Recently I’ve been speaking to a number of data scientists about the challenges of adding value to companies. This isn’t an argument that data science doesn’t have positive ROI, but that there needs to be an understanding of the ‘team sport’ and organisational maturity to take advantage of these skills.
The biggest anti-pattern I’ve experienced personally as an individual contributor has been a lack of ‘leadership’ for data science. I’ve seen organisations without the budgetary support, the right champions or clear alignment of data science with their organisational goals. These are some of the anti-patterns I’ve seen, it’s non-exhaustive so I provide it.
The follow is an opinionated list of some of the anti-patterns.
- I’ve written before about data strategy. I still think this is one of the things that’s most lacking in organisations. I think a welcome distinction is that data collection which needs to happen before data analysis, and that this needs to happen in accordance with the strategy of the company.
Solution: Organisations should map their data science projects to the key business concerns of the organisation. This will help shape how resources are allocated.
- There needs to be an understanding of what kind of leadership you need for a data science team. This needs to be someone with hands-on experience of doing data science. This is not someone familiar with ‘analytics’ or ‘reporting systems’ and ‘delivery’. It is someone familiar with things like ‘probabilistic programming’, ‘neural networks’ and ‘A/B tests’. So don’t put an ‘analytics leader’ in charge of a team of data scientists.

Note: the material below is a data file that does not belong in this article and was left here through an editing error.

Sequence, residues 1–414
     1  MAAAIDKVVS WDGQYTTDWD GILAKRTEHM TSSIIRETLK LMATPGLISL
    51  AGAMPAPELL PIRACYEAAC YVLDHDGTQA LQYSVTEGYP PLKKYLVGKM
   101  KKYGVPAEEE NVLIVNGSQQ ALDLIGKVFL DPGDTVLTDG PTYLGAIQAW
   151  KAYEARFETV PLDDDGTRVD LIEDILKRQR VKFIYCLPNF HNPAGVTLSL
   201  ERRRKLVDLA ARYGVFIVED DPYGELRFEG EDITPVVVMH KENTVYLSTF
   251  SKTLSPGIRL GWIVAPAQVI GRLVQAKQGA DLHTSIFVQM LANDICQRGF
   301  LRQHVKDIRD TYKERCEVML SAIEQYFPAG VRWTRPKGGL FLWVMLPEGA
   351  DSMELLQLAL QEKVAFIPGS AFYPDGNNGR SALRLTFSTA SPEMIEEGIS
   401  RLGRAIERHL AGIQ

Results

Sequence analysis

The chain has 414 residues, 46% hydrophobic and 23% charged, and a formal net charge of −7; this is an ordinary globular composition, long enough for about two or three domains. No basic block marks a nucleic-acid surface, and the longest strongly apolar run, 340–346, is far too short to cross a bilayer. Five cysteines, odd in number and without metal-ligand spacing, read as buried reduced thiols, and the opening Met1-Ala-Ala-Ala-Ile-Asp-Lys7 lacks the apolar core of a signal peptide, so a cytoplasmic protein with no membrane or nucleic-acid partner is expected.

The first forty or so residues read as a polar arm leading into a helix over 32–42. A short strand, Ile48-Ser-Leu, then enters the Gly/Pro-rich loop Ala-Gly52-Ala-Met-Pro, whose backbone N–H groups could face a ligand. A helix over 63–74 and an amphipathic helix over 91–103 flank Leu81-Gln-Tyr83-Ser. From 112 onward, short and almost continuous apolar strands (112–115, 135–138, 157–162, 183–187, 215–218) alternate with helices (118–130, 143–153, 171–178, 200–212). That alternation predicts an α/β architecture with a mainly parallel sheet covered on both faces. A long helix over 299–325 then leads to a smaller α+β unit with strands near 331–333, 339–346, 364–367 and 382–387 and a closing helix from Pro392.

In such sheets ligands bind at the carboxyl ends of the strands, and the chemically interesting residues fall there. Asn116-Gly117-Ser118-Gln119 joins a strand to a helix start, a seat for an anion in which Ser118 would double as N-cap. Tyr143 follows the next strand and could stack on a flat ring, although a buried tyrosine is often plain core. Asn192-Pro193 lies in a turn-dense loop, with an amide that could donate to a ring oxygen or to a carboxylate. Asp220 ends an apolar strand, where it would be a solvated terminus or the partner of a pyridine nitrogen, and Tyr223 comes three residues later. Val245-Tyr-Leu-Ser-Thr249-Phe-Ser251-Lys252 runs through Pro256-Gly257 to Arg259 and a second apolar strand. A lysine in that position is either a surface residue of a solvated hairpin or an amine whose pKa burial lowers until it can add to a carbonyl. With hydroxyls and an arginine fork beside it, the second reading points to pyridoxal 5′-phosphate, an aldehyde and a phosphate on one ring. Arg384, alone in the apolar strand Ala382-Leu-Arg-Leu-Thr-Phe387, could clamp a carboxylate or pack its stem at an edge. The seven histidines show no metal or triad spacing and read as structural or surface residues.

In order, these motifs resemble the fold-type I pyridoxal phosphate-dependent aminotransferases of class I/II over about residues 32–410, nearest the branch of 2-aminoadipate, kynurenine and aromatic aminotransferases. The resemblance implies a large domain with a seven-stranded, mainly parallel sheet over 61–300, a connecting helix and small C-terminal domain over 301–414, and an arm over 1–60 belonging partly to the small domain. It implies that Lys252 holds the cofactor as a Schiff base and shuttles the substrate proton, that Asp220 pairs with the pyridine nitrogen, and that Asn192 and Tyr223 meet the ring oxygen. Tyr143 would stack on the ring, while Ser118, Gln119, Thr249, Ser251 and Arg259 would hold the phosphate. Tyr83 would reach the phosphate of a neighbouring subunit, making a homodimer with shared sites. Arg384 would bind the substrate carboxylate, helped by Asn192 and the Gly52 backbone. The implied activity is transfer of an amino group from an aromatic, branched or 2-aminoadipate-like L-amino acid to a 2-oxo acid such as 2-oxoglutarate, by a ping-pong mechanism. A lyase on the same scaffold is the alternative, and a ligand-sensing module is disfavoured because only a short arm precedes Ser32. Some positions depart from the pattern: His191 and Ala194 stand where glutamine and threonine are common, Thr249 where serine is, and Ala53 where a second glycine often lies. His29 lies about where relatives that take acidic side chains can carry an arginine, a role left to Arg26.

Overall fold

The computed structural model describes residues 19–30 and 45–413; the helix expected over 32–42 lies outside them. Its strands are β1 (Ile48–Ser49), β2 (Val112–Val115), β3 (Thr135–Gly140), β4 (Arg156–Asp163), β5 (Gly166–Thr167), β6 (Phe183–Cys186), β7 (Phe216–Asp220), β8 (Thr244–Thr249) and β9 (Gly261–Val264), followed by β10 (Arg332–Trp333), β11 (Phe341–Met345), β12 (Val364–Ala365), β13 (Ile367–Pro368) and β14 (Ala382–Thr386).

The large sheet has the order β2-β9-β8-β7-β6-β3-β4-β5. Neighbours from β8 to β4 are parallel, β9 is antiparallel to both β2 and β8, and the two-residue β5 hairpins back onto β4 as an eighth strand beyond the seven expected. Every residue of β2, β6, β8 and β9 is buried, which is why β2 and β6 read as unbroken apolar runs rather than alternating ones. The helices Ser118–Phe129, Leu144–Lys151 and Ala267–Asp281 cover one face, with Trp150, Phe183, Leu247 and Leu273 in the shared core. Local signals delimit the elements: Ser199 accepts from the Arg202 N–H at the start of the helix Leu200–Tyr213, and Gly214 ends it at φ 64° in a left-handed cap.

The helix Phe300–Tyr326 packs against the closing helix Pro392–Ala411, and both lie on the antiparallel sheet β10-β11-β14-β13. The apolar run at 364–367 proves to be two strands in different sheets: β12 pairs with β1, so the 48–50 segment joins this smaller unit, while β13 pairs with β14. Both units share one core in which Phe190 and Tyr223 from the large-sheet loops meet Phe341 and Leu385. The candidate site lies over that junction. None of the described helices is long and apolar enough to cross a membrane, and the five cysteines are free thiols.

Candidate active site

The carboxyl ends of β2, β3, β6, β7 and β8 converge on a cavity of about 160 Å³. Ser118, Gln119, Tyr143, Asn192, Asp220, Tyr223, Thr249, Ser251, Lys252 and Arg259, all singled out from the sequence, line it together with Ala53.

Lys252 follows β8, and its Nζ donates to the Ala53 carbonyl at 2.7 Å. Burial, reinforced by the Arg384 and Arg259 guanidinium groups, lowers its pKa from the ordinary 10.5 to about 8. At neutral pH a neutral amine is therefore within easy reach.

Solution: Executives – feel free to reach out to me to discuss data strategy, I’ll gladly point you in the right direction.
- You need Business intelligence not data science – there’s nothing wrong with reporting, or building analytics systems, but it’s not data science. Be honest about what your organisation needs.
Solution: Ask clarifying questions when interviewing about why the organisation needs data science versus other things.
- Your data isn’t ready yet. Lots of the ‘big data’ hype has gotten organisations think it’s very important to collect data, and this is progress. However it takes time to do a data-audit and ‘data readiness’ varies for different problems. This is very closely related to point number 1.
Solution: Do a data-audit before you begin a project, if the data hasn’t been explored yet add 6 months to any estimates.
- Data science projects return on a power law-like distribution, much like Venture Capital. I despite having 8 years experience of doing data analysis and machine learning, and 4 of those are in industry have no idea before hand which projects will have the best ROI. I’ve learned to do several projects in a 6-12 month period, and learned when to cut projects that aren’t working for whatever reason. An organisation needs to admit to failure, and be honest about reality for this to happen.
Solution: Make sure stakeholders understand these returns.
- Cultural mismatch – for data science to succeed in an organisation there needs to be an acceptance of some of the rather ‘non-commercial’ aspects. Those include lab meetings, going to conferences. Organisations that consider these things alien will kill off the high-risk high-reward innovation culture.
Solution: I think frankly cultural change is hard if you’re not a C-level exec – so a CEO, COO, CFO, etc…